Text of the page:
>>>>>>>> I know Lucene indexes to be at their optimum up to a certain
size -
>>>>>>>> said
>>>>>>>
>>>>>>> to
>>>>>>>>
>>>>>>>> be around several GBs. I haven't found a good discussion
over this,
>>>>>>>> but
>>>>>>>
>>>>>>> its
>>>>>>>>
>>>>>>>> my understanding that at some point its better to split an
index
>>>>>>>> into
>>>>>>>
>>>>>>> parts
>>>>>>>>
>>>>>>>> (a la sharding) than to continue searching on a huge-size
index. I
>>>>>>>> assume
>>>>>>>> this has to do with OS and IO configurations. Can anyone
point me to
>>>>>>>> more
>>>>>>>> info on this?
>>>>>>>>
>>>>>>>> We have a product that is using Lucene for various searches,
and at
>>>>>>>> the
>>>>>>>> moment each type of search is using its own Lucene index.
We plan on
>>>>>>>> refactoring the way it works and to combine all indexes into
one -
>>>>>>>> making
>>>>>>>> the whole system more robust and with a smaller memory footprint,
>>>>>>>> among
>>>>>>>> other things.
>>>>>>>>
>>>>>>>> Assuming the above is true, we are interested in knowing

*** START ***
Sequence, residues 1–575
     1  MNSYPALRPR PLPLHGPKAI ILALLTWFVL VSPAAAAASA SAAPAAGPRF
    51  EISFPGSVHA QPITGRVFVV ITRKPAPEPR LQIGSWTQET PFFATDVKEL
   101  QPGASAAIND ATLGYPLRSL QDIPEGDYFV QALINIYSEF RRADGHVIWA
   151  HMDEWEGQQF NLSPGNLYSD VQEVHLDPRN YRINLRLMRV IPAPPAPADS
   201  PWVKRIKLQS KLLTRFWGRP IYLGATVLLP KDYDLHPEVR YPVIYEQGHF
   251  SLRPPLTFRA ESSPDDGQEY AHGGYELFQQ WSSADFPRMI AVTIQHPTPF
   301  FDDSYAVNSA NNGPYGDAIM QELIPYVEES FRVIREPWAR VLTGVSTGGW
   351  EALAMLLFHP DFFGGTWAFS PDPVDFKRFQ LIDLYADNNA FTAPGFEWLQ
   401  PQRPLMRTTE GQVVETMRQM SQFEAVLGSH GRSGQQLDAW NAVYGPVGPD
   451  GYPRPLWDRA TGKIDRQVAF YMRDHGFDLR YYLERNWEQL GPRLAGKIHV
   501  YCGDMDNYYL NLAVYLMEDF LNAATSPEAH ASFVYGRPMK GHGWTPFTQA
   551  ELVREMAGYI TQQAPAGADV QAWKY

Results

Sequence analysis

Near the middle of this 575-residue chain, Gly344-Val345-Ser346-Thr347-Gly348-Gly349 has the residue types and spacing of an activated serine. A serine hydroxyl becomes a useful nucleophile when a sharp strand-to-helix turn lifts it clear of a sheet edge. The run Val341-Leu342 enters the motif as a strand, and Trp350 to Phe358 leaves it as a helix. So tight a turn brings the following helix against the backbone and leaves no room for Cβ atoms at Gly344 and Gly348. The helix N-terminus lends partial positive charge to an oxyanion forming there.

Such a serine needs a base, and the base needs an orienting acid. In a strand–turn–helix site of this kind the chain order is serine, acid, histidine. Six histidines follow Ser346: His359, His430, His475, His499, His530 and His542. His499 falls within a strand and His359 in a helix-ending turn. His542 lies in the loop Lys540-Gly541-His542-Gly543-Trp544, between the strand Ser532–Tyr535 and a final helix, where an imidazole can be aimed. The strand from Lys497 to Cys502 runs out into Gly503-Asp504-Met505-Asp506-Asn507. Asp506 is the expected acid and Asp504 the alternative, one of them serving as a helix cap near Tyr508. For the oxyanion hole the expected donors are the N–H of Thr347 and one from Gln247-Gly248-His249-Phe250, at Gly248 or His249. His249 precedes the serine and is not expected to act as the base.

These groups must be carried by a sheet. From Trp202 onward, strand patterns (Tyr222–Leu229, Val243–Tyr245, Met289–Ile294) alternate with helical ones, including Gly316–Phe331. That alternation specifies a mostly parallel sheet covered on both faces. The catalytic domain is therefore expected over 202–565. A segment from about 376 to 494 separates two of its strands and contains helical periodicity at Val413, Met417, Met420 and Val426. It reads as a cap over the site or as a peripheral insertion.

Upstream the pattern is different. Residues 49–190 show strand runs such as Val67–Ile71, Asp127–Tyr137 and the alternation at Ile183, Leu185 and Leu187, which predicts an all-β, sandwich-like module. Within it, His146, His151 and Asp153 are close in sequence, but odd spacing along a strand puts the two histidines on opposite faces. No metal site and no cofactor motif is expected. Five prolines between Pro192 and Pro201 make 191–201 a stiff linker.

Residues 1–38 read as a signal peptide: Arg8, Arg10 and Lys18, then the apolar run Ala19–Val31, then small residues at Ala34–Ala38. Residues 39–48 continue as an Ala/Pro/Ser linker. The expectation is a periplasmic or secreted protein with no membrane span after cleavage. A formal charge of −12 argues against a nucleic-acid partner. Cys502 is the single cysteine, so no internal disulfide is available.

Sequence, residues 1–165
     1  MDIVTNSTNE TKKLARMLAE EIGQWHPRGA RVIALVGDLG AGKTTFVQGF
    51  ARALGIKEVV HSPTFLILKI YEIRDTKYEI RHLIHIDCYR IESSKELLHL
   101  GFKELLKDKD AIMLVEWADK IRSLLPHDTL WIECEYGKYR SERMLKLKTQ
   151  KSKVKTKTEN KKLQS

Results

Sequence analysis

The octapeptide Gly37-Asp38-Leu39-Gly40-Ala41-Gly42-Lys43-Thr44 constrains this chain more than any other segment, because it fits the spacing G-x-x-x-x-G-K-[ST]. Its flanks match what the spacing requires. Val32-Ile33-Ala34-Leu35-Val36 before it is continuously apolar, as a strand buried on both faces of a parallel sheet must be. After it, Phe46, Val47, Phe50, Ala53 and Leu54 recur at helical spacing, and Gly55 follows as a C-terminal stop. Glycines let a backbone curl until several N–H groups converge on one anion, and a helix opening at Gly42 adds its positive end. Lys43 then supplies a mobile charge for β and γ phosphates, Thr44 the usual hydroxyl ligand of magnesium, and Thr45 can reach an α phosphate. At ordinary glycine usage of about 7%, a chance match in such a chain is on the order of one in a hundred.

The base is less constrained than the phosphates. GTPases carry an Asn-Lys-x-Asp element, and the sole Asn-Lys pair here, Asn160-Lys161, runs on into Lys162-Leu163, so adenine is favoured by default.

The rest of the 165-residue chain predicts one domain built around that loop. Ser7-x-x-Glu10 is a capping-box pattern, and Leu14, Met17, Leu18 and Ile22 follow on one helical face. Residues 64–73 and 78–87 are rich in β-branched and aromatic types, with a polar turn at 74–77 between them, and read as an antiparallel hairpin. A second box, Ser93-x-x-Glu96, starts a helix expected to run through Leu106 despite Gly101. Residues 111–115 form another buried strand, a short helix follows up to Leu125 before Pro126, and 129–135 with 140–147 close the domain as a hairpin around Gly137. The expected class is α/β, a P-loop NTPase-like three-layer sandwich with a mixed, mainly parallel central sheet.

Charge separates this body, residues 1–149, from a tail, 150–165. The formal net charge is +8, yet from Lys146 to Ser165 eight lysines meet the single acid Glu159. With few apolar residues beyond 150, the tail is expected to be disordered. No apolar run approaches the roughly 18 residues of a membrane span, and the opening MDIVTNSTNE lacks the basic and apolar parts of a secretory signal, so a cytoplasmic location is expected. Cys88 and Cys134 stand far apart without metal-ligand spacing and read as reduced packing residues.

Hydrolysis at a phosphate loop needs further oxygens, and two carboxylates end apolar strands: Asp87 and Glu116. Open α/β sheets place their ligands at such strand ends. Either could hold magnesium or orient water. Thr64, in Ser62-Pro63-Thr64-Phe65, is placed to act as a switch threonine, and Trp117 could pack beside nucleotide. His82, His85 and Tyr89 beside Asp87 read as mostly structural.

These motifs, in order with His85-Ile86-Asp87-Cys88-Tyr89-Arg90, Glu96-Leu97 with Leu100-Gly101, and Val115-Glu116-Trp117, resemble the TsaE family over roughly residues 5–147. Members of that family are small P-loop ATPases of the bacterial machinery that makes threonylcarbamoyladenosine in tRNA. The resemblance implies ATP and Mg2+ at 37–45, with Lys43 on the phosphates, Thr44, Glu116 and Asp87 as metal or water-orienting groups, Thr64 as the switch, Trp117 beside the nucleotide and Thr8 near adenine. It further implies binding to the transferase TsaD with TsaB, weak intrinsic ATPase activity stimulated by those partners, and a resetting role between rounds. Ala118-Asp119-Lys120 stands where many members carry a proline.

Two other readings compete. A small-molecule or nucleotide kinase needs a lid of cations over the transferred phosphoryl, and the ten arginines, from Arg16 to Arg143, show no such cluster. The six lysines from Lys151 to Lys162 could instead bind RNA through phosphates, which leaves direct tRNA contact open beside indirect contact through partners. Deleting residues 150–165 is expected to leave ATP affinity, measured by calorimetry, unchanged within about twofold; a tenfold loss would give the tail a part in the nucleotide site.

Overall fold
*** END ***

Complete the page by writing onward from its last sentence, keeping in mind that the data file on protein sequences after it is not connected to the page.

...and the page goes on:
how to do
>>>>>>>> this
>>>>>>>> correctly. Initially all our indexes will be run in one big
index,
>>>>>>>> but
>>>>>>>> if
>>>>>>>
>>>>>>> at
>>>>>>>>
>>>>>>>> some index size there is a severe performance degradation
we would
>>>>>>>> like
>>>>>>>
>>>>>>> to
>>>>>>>>
>>>>>>>> handle that correctly by starting a new FSDirectory index
to flush
>>>>>>>> into,
>>>>>>>
>>>>>>> or
>>>>>>>>
>>>>>>>> by re-indexing and moving large indexes into their own Lucene
index.
>>>>>>>>
>>>>>>>> Are there are any guidelines for measuring or estimating
this
>>>>>>>> correctly?
>>>>>>>> what we should be aware of while considering all that? We
can't
>>>>>>>> assume
>>>>>>>> anything about the machine running it, so testing won't really
tell
>>>>>>>> us
>>>>>>>> much...
>>>>>>>>
>>>>>>>> Thanks in advance for any input on this,
>>>>>>>>
>>>>>>>> Itamar.
>>>>>>>>
>>>>>>>>
>>>>>>>>